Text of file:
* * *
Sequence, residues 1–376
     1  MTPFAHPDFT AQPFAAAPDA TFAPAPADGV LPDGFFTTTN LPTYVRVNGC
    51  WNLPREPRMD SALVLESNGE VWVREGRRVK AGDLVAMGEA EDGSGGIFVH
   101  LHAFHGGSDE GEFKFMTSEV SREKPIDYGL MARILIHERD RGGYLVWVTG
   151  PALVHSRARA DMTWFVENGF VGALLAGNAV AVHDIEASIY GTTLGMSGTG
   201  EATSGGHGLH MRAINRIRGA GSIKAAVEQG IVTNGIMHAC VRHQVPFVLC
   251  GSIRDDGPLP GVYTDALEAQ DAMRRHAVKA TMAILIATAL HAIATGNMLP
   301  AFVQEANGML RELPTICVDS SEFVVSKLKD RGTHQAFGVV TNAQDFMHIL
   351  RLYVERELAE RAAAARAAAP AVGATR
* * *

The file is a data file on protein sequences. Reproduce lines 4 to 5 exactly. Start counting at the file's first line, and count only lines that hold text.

   101  LHAFHGGSDE GEFKFMTSEV SREKPIDYGL MARILIHERD RGGYLVWVTG
   151  PALVHSRARA DMTWFVENGF VGALLAGNAV AVHDIEASIY GTTLGMSGTG